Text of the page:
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“What’s With the Coat?”

By November 28, 2011February 24th, 2018No Comments

This past August, as my thoughts started to poke like a stick at the disagreeable notion of “winter to come,” I resolved to invest for the first time in an expensive winter coat. I told my husband that I was tired of cheap coats that were no match for South Dakota’s cold and wind. I was going to shell out the money for a real coat and wear it until it turned to a rag.

I found the perfect coat online. Real long. Real down. Supposed to keep you warm at -40F. Choice of color? Cardinal red, I decided. Color, too, can keep you warm, especially when it cheers the drear of big dirty snowpiles that refuse like old grudges to melt.

The coat arrived at my door only two days later. Free shipping, and quick. (I guess that’s what you get when you go upscale. How would I have known?) In August heat, I stuffed the coat into a closet with a satisfied (if somewhat guilty) smile, and promptly forgot about it.

Then, sometime during October, I stumbled onto this poem by Marie Sheppard Williams, called “Everybody”:

I stood at a bus corner
one afternoon, waiting
for the #2. An old
guy stood waiting too.
I stared at him. He
caught my stare, grinned,
gap-toothed. Will you
sign my coat? he said.
Held out a pen. He wore
a dirty canvas coat that
had signatures all over
it, hundreds, maybe
          I’m trying
to get everybody, he
          I signed. On a
little space on a pocket.
Sometimes I remember:
I am one of everybody.

Reading this poem, I thought first of the many street people I had known while living by choice on the streets of Columbus, Ohio, back in 1999. Then I thought about my new coat. Warm, red, waiting in my closet.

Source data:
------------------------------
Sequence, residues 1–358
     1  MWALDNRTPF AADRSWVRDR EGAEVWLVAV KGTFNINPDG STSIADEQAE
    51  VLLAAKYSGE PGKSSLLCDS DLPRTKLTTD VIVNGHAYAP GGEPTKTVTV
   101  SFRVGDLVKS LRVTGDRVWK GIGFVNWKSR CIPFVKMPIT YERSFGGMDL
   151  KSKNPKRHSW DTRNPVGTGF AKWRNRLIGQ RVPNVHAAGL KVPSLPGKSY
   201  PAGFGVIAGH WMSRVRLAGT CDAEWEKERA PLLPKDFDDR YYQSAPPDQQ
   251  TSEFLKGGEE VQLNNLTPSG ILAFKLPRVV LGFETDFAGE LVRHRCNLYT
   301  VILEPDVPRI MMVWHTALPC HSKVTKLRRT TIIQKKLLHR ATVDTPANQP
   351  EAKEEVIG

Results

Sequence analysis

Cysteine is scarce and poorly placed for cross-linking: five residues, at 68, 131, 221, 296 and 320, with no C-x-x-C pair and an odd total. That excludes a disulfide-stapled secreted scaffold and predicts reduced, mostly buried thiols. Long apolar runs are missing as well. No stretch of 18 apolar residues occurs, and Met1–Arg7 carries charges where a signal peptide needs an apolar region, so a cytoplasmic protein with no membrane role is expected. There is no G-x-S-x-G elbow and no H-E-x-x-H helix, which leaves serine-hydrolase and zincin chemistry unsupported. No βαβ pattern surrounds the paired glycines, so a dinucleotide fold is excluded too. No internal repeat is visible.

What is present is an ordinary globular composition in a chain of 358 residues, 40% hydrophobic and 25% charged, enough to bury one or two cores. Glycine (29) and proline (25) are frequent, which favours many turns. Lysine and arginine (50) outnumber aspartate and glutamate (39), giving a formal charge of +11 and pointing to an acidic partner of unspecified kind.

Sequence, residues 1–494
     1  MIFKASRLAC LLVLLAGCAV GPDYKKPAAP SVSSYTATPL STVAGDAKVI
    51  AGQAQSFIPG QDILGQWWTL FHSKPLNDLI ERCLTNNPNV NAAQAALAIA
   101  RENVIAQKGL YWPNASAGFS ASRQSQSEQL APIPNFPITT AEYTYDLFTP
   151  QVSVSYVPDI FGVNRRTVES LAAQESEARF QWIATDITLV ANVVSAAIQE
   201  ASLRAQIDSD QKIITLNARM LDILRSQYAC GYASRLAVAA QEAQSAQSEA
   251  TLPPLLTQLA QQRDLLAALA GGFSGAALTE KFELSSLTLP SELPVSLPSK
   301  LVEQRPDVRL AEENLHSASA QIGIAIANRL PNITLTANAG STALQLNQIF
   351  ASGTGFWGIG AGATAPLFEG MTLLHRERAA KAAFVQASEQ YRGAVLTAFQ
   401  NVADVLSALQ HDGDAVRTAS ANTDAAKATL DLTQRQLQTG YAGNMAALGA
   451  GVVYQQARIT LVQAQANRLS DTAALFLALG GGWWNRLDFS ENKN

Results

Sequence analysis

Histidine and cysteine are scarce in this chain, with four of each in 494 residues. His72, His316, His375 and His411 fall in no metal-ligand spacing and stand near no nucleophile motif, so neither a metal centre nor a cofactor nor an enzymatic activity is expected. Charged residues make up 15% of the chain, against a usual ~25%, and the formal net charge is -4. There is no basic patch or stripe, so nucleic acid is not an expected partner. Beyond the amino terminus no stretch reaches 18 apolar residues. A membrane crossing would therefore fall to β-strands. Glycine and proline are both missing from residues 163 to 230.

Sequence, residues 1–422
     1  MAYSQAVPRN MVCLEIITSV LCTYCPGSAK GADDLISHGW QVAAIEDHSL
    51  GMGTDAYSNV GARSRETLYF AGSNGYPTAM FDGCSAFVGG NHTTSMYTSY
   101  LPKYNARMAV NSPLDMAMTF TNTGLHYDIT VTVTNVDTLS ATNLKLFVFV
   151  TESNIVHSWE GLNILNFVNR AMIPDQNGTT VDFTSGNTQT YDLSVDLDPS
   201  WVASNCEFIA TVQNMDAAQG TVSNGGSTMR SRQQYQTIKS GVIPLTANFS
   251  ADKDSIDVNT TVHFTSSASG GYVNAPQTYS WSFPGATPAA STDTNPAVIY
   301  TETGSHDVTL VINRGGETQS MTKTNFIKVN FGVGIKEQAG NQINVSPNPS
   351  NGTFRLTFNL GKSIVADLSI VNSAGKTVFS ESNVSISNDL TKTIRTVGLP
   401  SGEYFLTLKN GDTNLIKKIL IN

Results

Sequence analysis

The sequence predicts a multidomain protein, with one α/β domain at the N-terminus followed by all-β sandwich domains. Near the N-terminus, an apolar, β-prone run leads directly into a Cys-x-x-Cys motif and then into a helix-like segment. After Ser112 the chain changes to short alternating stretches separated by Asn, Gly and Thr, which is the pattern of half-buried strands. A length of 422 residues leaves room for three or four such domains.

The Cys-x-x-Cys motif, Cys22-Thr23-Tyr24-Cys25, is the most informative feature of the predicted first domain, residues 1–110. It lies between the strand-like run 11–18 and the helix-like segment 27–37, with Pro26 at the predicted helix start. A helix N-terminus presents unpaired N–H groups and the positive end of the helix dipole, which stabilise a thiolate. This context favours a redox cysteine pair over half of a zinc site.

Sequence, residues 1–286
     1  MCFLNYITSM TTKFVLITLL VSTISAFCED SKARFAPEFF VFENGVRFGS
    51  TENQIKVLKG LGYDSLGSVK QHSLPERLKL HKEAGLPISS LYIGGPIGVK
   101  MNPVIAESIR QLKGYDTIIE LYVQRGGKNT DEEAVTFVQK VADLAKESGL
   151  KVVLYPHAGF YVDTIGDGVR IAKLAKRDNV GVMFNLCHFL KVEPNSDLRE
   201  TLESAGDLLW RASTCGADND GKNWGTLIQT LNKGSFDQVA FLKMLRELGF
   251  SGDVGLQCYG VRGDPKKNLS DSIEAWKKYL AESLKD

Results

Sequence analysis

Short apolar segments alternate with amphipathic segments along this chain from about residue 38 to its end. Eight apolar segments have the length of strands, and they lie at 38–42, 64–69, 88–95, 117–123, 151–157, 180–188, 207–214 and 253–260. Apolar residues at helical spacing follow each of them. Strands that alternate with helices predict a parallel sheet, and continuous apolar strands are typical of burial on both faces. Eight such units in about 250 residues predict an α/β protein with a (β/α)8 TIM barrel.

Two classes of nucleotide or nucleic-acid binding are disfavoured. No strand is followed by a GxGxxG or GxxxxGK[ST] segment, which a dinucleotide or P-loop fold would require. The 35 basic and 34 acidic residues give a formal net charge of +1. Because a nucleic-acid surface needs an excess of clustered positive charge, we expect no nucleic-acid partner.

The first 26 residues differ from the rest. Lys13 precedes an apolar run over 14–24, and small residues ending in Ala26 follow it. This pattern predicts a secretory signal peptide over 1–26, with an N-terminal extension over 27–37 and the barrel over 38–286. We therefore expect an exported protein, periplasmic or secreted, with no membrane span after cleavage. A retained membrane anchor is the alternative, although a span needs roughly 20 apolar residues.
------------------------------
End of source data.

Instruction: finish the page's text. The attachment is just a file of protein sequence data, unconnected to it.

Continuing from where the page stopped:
Weeks passed. Autumn grew more chill; trees bared their branches. The poem, the coat, kept nagging at me.

Finally, two weeks ago, our first snow of the season. Only a couple of inches, but 40 MPH winds, outside of town. The trees in our yard were groaning. I had to go outside. It was time to stand vigil at the local “Stand for Peace,” as some of us in Brookings do briefly every Sunday.

I pulled my coat from the closet. I held it up in front of me. So red. So vibrant. So there.

I took a big black marker from my desk drawer. I laid the coat down on the family table, turned it over, and printed on its back, “The `I AM PART OF EVERYBODY’ coat. Sign if you believe.”

I was grinning now.

I asked Nathan, our nine-year-old, if he wanted to sign. His face lit up like a Christmas tree at midnight as he exclaimed, “How cool! I would love to sign it!” He almost tackled me in his haste to grab the marker from my hand.

The next person who signed was a woman friend, a little older than I am. She was half-laughing, half-chiding, as she inscribed her name. “What would your mother say,” she asked emphatically, “if she knew you were doing this? I mean–ruining a perfectly good coat! A brand-new coat!”

As I told my friend then, and many others since, my coat only becomes more valuable, not less, with each signature added. And my hope is that everybody who signs it will feel, at least for one happy moment, that they belong. That their life is bigger than themselves. That what is good for them is bound up with what is good for others.

Now, after just a couple of weeks, my coat is graced with enough signatures that when I walk into the grocery store, or pass somebody on the street, I’m often greeted with “What’s with the coat?” or some such remark. Then I tell the story of the poem, and my hope for the coat, and I pull a black marker from my deep red pocket and invite the questioner to sign. Sometimes there are smiles, sometimes laughter, sometimes wonderment–but always enthusiasm. Nobody has ever turned my red coat down.

Maybe we’re all tired of being out in the cold.

Phyllis Cole-Dai

Phyllis Cole-Dai has authored or edited eleven books in multiple genres, including historical fiction, spiritual nonfiction and poetry. She lives in Brookings, South Dakota, USA.

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